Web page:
Child Exercise: How Much Is Too Much?
You know it’s good for your kids to get regular exercise but can they get too much physical activity? Orthopedic surgeons say too much or the wrong kind of exercise can harm growing bodies.
That’s because growth plates can be more easily injured or broken during childhood and into the teenage years. Parents need to not only limit how much their children exercise but also restrict certain kinds of exercise.
How Much Should Kids Run?
It may seem like young children are little balls of energy who never get tired. While you may think young kids can safely run for long stretches, their bodies just can’t endure the same distances as teens and adults. It’s best to let kids run until they stop on their own. Don’t push them to go further if they say they can’t. Encourage them to stay hydrated by drinking water and make them stop if they experience pain, dizziness or fatigue.
Middle school aged kids can safely run for distances of up to 10 miles, especially if they participate in competitive track or cross country. However, marathons are still out of the question for kids this age. until they reach the age of 18, kids are at risk for damage to cartilage, tendons and bone platelets. To prevent injury, kids should wait to tackle a marathon until their bodies have finished the most critical phases of growth and development. For most people, this occurs around the age of 21.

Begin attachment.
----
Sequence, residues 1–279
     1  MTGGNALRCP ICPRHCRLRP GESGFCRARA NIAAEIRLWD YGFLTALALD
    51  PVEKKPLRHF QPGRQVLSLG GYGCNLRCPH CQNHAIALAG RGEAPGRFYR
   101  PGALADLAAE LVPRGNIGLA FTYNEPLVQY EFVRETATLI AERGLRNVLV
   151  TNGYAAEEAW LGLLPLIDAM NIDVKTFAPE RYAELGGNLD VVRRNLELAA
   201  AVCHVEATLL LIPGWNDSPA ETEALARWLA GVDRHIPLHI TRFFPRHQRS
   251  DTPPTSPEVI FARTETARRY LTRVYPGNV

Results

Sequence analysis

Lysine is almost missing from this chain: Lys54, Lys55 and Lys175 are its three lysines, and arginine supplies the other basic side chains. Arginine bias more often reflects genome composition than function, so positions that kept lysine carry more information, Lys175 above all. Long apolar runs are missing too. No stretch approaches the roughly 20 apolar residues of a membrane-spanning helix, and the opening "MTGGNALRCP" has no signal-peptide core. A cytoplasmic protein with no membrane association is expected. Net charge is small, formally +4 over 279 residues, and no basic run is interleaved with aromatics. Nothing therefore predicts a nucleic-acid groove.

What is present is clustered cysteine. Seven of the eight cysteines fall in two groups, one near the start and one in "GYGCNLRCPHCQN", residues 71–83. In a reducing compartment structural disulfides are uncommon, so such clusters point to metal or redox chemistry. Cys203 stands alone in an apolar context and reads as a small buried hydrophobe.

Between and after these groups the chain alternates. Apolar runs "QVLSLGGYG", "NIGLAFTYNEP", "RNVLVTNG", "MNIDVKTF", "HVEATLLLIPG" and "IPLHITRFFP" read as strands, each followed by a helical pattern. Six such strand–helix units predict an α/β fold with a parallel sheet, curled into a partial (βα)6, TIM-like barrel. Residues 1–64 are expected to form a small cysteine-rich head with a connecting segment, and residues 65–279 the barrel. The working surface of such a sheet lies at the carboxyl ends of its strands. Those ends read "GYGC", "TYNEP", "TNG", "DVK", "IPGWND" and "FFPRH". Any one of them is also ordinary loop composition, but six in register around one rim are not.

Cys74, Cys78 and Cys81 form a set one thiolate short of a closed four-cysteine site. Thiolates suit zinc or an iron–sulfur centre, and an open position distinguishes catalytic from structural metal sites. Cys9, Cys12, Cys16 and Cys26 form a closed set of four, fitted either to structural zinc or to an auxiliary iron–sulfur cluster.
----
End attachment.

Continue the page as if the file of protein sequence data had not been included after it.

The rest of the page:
Strength Training vs. Bodybuilding
Bodybuilding or weightlifting is dangerous for kids and preteens. Their bodies can’t handle the stress of picking up heavy weights and can become injured very easily.
To build muscle safely, allow kids to do strength-training exercises that rely on their own body weight instead of barbells and machines. Push-ups, sit-ups and gentle calisthenics are just fine for children of any age. Just be certain they warm up for 10 minutes with stretching and low-impact aerobic exercises. You might also consider resistance bands as a way to increase strength without adding undue stress to little bodies.
Most importantly, remember that children’s bodies require more rest. Only practice strength training exercises three times a week and make certain your kiddos get plenty of rest between exercise sessions.
Once a teen reaches high school, it’s safer to lift weights. Even so, make sure your teen exercises responsibly by completing 10 to 15 reps per set and using lighter weights.
Have more questions about kids and exercise? Call our Jacksonville ortho office today for answers!